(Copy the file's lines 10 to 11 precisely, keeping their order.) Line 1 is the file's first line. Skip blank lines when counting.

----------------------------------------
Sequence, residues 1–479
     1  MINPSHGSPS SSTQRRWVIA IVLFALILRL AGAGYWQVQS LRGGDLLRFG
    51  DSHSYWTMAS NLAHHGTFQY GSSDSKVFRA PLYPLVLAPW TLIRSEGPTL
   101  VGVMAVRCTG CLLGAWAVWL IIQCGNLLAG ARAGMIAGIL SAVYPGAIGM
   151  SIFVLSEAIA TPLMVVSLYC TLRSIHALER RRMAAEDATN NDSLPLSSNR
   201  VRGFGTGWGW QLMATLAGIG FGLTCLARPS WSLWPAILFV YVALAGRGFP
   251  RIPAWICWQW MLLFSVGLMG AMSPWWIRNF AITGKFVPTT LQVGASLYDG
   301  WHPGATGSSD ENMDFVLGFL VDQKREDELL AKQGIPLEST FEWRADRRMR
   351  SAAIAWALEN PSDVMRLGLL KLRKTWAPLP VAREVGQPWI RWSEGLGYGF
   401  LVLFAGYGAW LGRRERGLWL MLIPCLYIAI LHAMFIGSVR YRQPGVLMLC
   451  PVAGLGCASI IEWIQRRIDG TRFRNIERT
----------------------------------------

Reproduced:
   401  LVLFAGYGAW LGRRERGLWL MLIPCLYIAI LHAMFIGSVR YRQPGVLMLC
   451  PVAGLGCASI IEWIQRRIDG TRFRNIERT